For well over a decade of Fantasy Premier League (FPL), a top 10k rank finish has been the gold standard target for most of us managers. While there are some who achieve it so regularly that it probably feels more like a formality than an achievement at this point, for the mortals among us, a 10k finish has been the iconic badge of honour, the shorthand for ‘I’ve had a really good season’ and, if you’ve managed more than one, a clear demonstration that, at some point at least, you were pretty good at this game.
A top 10k finish will always be a great achievement in FPL but, as the game grows in size, it no longer represents what it used to; a highly-challenging yet achievable goal. Instead, top 10k has become a somewhat anachronistic and perhaps overly-elitist measure of managerial prowess. This article will discuss why this is the case and argue why we might need to adopt a new standard for what a ‘Top 10k’ finish used to mean and, I will argue, that this standard should be ‘Top 50k’.
The Game Has Grown
The first and most obvious argument for why we should consider reviewing the 10k standard is that the game is much, much bigger than it was when that standard was established. I had my first top 10k finish in 2012 when, I believe, there were about two million players but now, ten years on, there are over nine million. In fact, if you finish in the top 5.3 million this season, you will have beaten more managers than it took for me to win FPL in 2015.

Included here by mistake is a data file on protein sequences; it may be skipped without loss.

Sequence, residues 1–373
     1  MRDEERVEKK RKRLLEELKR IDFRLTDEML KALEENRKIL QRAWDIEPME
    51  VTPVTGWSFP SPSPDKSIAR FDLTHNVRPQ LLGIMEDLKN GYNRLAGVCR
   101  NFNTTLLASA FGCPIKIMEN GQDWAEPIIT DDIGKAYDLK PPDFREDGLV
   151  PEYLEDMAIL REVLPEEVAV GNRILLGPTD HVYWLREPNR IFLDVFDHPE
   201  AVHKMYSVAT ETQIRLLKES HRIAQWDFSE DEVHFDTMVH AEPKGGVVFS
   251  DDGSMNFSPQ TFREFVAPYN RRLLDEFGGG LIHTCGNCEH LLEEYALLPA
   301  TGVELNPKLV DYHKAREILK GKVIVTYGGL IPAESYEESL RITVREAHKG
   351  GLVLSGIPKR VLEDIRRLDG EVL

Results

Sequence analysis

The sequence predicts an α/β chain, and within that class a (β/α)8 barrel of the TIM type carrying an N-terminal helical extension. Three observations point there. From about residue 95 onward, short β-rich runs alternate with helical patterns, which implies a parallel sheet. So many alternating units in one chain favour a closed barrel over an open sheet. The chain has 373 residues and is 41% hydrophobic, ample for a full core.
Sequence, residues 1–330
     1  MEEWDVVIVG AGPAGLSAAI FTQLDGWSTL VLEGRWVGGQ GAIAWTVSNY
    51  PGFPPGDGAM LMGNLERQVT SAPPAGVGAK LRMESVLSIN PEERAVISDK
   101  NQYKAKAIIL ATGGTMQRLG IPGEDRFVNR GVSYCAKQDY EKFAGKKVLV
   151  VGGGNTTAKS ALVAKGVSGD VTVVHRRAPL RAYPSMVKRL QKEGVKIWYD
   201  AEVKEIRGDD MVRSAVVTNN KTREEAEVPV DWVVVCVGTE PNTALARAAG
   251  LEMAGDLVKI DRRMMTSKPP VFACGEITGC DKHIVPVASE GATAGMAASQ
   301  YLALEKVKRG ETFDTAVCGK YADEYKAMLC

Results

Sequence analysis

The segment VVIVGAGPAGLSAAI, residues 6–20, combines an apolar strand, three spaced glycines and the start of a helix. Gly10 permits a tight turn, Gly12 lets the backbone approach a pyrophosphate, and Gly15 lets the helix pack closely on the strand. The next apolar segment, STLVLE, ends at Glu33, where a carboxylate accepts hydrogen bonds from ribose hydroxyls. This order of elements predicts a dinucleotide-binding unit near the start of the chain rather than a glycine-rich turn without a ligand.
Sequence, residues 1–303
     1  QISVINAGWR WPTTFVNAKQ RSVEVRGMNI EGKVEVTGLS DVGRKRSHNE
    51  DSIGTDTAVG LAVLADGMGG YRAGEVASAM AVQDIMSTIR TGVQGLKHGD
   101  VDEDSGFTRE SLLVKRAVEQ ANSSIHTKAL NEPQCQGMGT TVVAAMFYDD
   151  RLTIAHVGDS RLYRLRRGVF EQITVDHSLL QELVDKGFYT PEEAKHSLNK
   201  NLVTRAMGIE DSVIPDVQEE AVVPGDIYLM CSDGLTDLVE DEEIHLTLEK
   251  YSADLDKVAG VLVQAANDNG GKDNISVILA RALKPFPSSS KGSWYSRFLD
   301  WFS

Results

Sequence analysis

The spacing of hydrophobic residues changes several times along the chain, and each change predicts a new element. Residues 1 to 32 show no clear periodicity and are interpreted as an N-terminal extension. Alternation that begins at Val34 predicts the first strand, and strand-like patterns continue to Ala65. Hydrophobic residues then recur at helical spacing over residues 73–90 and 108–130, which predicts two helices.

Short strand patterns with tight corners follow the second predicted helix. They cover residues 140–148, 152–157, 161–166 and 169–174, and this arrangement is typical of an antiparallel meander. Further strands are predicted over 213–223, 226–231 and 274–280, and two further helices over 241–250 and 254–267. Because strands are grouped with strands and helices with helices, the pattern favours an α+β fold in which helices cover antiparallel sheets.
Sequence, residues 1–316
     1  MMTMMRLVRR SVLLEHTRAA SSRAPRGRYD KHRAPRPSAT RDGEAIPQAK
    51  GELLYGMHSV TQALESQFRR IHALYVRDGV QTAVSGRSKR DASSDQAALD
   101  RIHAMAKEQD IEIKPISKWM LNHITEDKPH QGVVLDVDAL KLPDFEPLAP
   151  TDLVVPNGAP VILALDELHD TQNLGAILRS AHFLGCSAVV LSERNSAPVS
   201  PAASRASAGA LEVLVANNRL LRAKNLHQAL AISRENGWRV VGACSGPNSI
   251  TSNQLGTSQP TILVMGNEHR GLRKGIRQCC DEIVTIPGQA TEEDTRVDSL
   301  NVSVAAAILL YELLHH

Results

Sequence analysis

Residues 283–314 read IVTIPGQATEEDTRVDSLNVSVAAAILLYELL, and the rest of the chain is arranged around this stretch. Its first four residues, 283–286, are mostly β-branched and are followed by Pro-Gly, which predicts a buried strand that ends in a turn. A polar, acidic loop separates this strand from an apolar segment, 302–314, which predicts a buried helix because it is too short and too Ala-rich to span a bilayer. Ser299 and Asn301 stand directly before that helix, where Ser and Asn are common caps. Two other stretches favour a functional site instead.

To put it another way, a top 10k finish 10 years ago would have put you in roughly the top 0.5% of all managers whereas a top 10k finish this season would put you in the top 0.1%; there is a world of difference between those figures.
In pure probability terms, the more people that play the game, the more difficult it becomes to succeed in it or, rather, to succeed as a result of skill alone. That’s not to say that anybody ever did succeed as a result of skill alone, but with nine million opponents playing a game, it is highly likely that a good proportion of those will outperform you on the basis of luck, even if their technique is objectively worse than yours. This effect will compound the bigger the game grows.